I am happy to invite a leading defense attorney to participate in this video blog. John Johnson has been defending civil cases for forty years and has been involved in some of the most serious personal injury cases in Massachusetts. That involvement has included the handling of not only trials but appellate cases. As you may be aware from my prior blogs, or from your own sources, appellate cases create most of the tort law or negligence law that we encounter in Massachusetts.
I thought it wise to ask John what he, as a defense attorney in serious accident cases, looks for in a plaintiff, or person suing. He mentions that his first person-to-person meeting with the person bringing the lawsuit is at a deposition. A deposition, unlike a trial, is not held in a courtroom, but is held in a lawyer’s office. The deposing attorney tries to elicit facts from the person suing. However, there is another dynamic that goes on: the assessment of the plaintiff is taking place. I have known about this aspect of depositions since I began working as a lawyer. I started working in a very busy defense law firm and I recall my boss who, if he were alive, would be in his eighties and always saying to me, “Now, I get to size her/him up.” Evidently, this is the common view of defense lawyers. As John Johnson says, he expects the person to be somewhat nervous and he attributes that to the process. One of the roles that he has as a defense lawyer is to determine if the nervousness is an understandable reaction to a formal process or if it’s due to something entirely different. Is the nervousness due to the witness’s concealing of information or to the desire to exaggerate? You should know that the deposing lawyer is filing a report with the insurance company and will report the facts as presented in the deposition but also will provide an assessment of the plaintiff. Will he or she make a good witness at trial? Is he or she likable? In my experience, the answers to those questions go a long way to determining if a case will be settled.
John Johnson also speaks of how he uses documents to assess the value of a case. He mentions that hospital records are relevant. Certainly, they tell us about the physical injury but, he, as defense attorney, is particularly interested in how the injured party has described the accident. It is generally felt that a person’s description is most reliable at a point that is closest to the time of the accident. That is just common sense. The individual has not had an opportunity to reflect upon the accident or to speak to a lawyer. Thus, there is an aura of authenticity to that description. To be sure, there are interesting evidentiary considerations on whether that description is admissible as evidence. There are some circumstances where it is admissible and others where it is not. Nevertheless, that description can go a long way to determining whether there is a personal injury settlement.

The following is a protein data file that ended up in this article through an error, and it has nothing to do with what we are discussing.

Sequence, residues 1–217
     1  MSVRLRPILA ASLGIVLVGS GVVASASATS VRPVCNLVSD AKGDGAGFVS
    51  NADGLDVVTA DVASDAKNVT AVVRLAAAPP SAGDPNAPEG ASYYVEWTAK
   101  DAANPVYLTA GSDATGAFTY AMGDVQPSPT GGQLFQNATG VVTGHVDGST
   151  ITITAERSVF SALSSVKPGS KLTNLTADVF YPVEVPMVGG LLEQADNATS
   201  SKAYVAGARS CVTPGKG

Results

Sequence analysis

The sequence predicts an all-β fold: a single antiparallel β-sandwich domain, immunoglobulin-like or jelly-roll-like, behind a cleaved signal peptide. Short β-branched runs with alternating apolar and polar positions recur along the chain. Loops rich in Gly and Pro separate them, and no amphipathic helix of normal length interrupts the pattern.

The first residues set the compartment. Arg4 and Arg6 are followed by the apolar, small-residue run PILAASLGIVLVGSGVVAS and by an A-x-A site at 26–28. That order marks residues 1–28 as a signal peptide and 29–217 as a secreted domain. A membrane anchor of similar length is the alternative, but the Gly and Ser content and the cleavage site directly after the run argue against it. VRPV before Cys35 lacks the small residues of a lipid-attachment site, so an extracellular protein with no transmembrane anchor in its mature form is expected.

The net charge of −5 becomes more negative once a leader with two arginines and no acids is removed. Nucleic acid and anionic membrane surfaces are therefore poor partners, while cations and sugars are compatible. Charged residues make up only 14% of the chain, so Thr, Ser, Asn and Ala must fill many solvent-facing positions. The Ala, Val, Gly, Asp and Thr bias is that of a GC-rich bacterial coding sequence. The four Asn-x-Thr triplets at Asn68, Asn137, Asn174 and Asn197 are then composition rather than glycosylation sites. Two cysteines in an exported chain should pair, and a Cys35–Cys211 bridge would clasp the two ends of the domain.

You will note that John continued to speak of exaggeration and/or overreaching on the part of the person bringing the injury action. He says, not surprisingly, that such exaggeration can hurt a case badly and discusses how such exaggeration is easy to detect. Even though John Johnson represents defendants and I represent plaintiffs, we are in full agreement on that point. Overreaching runs the risk of hurting the very valid injuries for which my clients seek compensation.
The attorneys serve the entire state of Massachusetts in addition to affiliating with lawyers in other states to handle cases outside of Massachusetts.
Boston Attorneys Win Highest Injury Verdict in Massachusetts in 2011 & 2012.